Is The NFL A Nonprofit?

Is The NFL A Nonprofit

NFL is an American professional football league rated in the world as attaining the highest level in American professional football. It is also a major sports league that we have in North America. The NFL has 32 teams on it, and they divide between the AFC and the NFC in equal proportion.

The question is: is the NFL a nonprofit?

In this article, we will shed more light and bring clarity to the question: Is the NFL a nonprofit? Yes, the NFL is a nonprofit according to IRC 501(c) 6 tax-exemption status. It obtained the status in 1942. At the time, the league was struggling financially since many of the NFL players got enlisted for the World War draft. They had to drop out and join the War. The nonprofit tax-exemption status prevents the NFL from paying federal and state income taxes.

Continue reading for more information on this topic!

The History Of The NFL 

The first name for NFL was the American Professional Football Association in 1920, which was at the point of its inception. Later, the name changed to National Football League during the 1922 season.

The NFL initially determined champions through the league left standing by the end of each season. In 1933, it added a playoff system to discover the NFL Championship Games. The approach lasted till 1966. The NFL had an agreement with the American Football League to merge the NFL with it.

The agreement resulted in creating the Super Bowl Championship. Then in 1967, the first Super Bowl held to get a champion from among the top teams contained in the two leagues. The Super Bowl plays as the last game for each NFL season since its implementation.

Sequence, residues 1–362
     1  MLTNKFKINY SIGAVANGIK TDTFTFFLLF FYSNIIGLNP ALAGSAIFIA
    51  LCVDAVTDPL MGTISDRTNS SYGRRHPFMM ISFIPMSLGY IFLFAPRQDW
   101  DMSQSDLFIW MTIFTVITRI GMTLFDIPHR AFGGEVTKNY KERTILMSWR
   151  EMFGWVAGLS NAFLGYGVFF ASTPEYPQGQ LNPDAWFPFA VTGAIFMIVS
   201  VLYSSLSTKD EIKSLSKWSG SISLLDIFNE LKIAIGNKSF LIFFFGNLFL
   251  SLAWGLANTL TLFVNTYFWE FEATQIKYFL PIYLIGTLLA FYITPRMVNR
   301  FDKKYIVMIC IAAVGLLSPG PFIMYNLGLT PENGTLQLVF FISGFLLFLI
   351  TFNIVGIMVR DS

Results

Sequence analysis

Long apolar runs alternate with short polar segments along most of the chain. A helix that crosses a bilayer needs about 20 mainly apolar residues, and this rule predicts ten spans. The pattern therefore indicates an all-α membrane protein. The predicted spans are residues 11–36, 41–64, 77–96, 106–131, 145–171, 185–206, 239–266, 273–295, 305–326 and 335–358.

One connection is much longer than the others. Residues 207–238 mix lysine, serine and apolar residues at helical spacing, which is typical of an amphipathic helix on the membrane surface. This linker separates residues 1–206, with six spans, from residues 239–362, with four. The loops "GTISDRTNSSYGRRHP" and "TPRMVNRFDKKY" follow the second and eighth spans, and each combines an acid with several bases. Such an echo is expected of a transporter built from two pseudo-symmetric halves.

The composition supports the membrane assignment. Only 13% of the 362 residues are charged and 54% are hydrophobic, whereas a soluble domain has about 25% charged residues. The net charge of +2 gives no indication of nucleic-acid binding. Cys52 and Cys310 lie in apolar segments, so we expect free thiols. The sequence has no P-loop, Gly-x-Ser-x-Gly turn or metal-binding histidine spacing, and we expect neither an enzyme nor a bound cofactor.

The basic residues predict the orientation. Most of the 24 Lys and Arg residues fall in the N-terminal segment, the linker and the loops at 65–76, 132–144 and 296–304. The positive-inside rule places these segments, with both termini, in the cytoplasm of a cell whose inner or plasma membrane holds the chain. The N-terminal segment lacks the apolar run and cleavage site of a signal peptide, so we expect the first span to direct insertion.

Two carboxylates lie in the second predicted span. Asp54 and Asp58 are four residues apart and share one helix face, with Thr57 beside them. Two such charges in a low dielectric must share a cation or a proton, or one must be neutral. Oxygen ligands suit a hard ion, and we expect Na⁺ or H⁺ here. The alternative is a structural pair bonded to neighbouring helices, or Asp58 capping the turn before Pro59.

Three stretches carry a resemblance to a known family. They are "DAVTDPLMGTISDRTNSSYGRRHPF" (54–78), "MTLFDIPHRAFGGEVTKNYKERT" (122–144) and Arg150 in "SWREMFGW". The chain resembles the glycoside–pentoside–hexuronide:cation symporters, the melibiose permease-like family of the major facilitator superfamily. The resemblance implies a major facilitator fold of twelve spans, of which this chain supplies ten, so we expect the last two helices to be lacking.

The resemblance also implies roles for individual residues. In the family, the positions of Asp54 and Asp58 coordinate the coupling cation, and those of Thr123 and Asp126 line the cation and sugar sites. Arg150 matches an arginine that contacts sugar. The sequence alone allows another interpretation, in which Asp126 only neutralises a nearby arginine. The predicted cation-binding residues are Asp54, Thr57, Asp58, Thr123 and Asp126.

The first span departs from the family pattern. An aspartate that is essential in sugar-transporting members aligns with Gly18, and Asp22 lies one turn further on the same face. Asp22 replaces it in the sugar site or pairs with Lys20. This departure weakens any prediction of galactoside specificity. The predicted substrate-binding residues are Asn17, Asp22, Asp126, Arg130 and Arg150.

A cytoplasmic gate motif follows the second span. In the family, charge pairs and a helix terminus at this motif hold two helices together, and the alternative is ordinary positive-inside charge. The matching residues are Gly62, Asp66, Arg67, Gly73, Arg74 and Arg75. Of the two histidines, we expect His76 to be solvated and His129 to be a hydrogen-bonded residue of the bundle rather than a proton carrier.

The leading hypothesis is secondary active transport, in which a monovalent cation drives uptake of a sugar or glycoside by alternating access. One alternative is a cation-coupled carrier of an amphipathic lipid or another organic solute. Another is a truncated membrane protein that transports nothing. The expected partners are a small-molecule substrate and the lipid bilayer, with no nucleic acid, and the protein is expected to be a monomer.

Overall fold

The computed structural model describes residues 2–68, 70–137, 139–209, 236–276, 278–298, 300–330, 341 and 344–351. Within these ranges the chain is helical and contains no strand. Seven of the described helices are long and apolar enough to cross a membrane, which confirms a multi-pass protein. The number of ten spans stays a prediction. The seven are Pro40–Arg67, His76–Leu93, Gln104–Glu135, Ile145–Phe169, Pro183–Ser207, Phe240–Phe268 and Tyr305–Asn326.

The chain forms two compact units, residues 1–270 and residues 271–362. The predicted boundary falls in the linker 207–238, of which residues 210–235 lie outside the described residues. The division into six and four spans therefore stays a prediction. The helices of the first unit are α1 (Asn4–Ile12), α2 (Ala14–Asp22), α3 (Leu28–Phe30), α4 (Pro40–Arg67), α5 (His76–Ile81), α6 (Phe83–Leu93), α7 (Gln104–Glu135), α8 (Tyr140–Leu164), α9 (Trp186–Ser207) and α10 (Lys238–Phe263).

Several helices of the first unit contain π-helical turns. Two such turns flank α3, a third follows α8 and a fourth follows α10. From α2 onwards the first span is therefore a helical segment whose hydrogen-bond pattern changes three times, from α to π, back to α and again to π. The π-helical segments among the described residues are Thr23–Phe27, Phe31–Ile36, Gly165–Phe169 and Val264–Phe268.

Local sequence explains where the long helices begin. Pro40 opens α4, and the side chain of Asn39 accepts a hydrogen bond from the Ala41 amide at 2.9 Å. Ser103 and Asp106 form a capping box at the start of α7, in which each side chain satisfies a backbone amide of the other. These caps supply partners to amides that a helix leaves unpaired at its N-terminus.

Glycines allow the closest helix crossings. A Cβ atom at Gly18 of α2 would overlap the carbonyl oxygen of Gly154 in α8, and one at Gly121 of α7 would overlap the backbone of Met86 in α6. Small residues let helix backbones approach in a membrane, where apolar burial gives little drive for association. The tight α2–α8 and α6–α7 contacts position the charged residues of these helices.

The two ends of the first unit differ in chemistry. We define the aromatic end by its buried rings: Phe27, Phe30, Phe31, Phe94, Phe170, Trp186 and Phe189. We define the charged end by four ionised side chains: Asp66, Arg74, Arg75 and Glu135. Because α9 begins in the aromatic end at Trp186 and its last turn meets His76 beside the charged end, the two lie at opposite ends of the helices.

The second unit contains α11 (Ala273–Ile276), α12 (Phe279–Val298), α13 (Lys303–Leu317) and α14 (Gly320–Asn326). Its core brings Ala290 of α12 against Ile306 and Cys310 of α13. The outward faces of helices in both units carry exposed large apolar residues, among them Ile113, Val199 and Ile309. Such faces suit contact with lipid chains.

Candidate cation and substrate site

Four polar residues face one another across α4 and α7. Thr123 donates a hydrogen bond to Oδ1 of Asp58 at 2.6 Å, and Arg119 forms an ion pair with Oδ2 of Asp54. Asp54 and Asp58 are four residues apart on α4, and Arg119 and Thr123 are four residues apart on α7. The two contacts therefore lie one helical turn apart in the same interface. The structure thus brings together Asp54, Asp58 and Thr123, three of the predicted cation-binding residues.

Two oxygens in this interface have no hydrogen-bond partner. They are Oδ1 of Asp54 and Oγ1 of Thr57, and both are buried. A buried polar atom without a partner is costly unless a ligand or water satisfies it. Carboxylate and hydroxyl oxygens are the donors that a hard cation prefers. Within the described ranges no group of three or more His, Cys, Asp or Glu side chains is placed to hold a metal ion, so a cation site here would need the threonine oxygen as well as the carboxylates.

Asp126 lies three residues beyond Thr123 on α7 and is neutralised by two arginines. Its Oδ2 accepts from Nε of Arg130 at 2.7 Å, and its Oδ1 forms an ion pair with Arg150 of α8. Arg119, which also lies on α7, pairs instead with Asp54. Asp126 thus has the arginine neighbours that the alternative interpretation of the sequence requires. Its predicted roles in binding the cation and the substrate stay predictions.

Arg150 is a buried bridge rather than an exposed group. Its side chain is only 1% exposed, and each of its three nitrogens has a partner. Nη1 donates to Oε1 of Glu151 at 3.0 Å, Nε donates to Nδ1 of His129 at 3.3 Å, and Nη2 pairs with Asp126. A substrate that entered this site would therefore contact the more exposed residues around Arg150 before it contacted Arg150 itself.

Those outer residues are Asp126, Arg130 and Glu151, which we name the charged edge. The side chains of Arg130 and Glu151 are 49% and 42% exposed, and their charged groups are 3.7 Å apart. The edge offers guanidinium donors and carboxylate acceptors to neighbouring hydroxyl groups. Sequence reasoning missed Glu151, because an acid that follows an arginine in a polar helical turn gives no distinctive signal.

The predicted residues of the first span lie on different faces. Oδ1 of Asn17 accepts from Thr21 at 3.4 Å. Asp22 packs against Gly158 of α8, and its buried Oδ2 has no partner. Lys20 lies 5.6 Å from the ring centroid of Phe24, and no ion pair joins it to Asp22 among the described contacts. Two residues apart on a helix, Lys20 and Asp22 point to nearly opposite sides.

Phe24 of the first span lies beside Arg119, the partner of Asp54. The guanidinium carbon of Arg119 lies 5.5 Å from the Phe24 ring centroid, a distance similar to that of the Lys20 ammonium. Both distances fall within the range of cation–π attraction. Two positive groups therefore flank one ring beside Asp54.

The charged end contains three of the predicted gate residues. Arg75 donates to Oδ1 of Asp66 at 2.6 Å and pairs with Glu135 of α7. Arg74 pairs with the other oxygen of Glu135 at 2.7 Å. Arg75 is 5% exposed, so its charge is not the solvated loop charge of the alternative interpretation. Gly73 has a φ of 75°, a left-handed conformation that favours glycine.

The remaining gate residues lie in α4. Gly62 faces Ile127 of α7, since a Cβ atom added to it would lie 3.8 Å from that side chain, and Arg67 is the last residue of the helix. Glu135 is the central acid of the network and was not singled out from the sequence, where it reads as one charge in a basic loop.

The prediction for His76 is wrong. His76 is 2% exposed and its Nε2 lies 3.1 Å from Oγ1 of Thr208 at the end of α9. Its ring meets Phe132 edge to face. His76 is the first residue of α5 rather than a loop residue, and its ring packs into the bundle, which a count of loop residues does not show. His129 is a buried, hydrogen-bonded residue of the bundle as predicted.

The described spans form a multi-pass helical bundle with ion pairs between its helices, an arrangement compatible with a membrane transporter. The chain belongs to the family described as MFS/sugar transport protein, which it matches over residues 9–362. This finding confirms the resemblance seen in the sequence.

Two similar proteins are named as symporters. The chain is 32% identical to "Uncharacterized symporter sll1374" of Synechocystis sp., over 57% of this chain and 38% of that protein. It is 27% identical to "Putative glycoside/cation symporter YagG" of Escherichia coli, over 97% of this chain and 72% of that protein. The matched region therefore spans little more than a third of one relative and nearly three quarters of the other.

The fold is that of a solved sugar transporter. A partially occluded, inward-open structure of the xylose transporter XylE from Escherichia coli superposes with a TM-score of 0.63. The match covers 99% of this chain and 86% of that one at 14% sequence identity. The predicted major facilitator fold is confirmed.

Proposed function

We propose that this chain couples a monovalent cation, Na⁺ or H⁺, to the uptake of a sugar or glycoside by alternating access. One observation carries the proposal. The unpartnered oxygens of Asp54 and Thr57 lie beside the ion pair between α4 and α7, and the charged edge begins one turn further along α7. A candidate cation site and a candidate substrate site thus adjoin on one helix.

The NFL gained the highest average attendance, which sums up to 67,591 in the history of professional league sports in the world. It is also the most popular league sport in the United States of America.

The NFL Gained A Nonprofit And Tax-Exemption Status

In 1942 during World War II, the NFL was having financial struggle because most of their players had to go and fight in the War. The NFL had to file for tax-exemption status to prevent it from going bankrupt and out of business. Due to the ongoing crisis, which is World War II, the NFL successfully obtained the tax-exemption status from the IRS.

However, the teams did not benefit from the tax-exemption status. It still had to pay tax because the belief is that most of the generated income by the league goes directly to the individual teams. The league fell under the category of a trade association to enjoy the new tax-exemption status.

After the War, most of the players returned, the NFL regained stability and profit increased. However, the team generated a large chunk of the profit, leaving little profit for the NFL. The new categorization prevented the league from paying taxes or charged for income tax.